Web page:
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Remember the Rainforest 1

 

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Brazil is familiar with French romantic literature, especially the works of Voltaire and Rousseau are read, and with such diligence that several patriotic authors were forced to speak out against this galomania. The phenomenon is even more extraordinary, because the political and mercantile relations of the Lusitanian people are linked to England, so a closer appreciation of British literature would be expected. Even in English book translations, Portuguese literature is not as rich as French literature. German poetry and language are entirely unknown to Brazilians; It is rare to meet Gessner or a Klopstock, which here is only known through the French interpretation. The aforementioned influences of French culture have not yet expelled the mother tongue from the highest society; With the exception of the court and its circle, English and French languages are learned only by men, and therefore little spoken at social gatherings. The beautiful sex, though included in the general transformation that court transplantation has produced, and is now becoming more visible in the theater and on the streets, still retains more or less the same position, which Barrow quoted in his apologetic description in the book. year 1792.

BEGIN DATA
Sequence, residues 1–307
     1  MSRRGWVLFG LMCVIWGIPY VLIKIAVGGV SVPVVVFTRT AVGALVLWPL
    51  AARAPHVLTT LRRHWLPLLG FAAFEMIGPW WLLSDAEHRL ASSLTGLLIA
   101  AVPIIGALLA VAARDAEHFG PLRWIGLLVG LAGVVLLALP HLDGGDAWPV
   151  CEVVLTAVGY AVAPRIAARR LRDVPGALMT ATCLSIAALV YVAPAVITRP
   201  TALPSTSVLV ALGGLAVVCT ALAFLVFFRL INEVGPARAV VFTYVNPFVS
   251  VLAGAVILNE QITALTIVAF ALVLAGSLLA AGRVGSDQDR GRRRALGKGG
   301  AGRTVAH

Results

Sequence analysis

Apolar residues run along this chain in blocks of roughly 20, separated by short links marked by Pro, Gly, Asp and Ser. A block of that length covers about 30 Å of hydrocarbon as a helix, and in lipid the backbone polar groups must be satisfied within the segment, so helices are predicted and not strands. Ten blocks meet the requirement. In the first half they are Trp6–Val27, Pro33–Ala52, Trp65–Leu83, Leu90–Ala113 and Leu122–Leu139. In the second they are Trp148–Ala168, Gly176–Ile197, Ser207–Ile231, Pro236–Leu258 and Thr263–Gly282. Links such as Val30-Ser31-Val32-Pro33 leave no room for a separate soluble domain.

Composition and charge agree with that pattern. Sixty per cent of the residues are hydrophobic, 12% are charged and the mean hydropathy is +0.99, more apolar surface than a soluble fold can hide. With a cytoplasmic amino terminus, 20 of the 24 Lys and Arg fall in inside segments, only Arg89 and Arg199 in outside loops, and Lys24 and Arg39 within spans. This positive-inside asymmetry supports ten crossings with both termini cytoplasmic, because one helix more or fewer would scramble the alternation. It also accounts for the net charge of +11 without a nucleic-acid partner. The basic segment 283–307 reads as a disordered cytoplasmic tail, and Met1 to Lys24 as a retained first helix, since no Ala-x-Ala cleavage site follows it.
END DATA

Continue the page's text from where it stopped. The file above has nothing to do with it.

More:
Baron von Langsdorff

Mr. von Langsdorff's hospitable home was, for the many Europeans living in Rio de Janeiro, a pleasant meeting place at night. There was a continually happy and lively conversation, which was further enhanced by the charm of the housekeeper's musical talent and the Neukomm contest. Such a gathering of naturalists or friends of nature, as happened at the time of our stay, had never met here before. The exchange of communications about experiences and observations, which provided us all with the richness and uniqueness of nature, was doubly enchanted by the mildness of the environment.

Mr. von Langsdorff lived in a small cottage on the hillside, which extends southwest of the city, and enjoyed the fragrant grove of Brazil, with a magnificent view of the city and part of the bay. Nothing can compare to the beauty of this place when, after the hot hours of the day, light breezes cool the embalmed air with the scents of the nearby woods. This pleasure becomes even more vivid as soon as night falls, when in the distance the shining mirror of the sea extends, and the quiet city lights up little by little. One who has not experienced the charm of moonlight in the stillness of the night in these fortunate latitudes will not be able to give a correct description of the high sensations which such a wonderful nature awakens in the soul of the beholder. A delicate, transparent fog hangs over the whole region; the moon

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